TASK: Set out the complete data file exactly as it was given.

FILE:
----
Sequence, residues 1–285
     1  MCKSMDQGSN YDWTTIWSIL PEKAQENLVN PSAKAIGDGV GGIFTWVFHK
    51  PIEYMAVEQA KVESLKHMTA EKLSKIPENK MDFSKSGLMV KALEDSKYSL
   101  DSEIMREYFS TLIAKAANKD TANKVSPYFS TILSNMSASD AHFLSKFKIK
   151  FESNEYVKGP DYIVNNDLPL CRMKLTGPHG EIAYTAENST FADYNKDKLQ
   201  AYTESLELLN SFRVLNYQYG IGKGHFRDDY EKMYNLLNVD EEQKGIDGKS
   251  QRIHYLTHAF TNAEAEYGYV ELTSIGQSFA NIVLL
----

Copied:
Sequence, residues 1–285
     1  MCKSMDQGSN YDWTTIWSIL PEKAQENLVN PSAKAIGDGV GGIFTWVFHK
    51  PIEYMAVEQA KVESLKHMTA EKLSKIPENK MDFSKSGLMV KALEDSKYSL
   101  DSEIMREYFS TLIAKAANKD TANKVSPYFS TILSNMSASD AHFLSKFKIK
   151  FESNEYVKGP DYIVNNDLPL CRMKLTGPHG EIAYTAENST FADYNKDKLQ
   201  AYTESLELLN SFRVLNYQYG IGKGHFRDDY EKMYNLLNVD EEQKGIDGKS
   251  QRIHYLTHAF TNAEAEYGYV ELTSIGQSFA NIVLL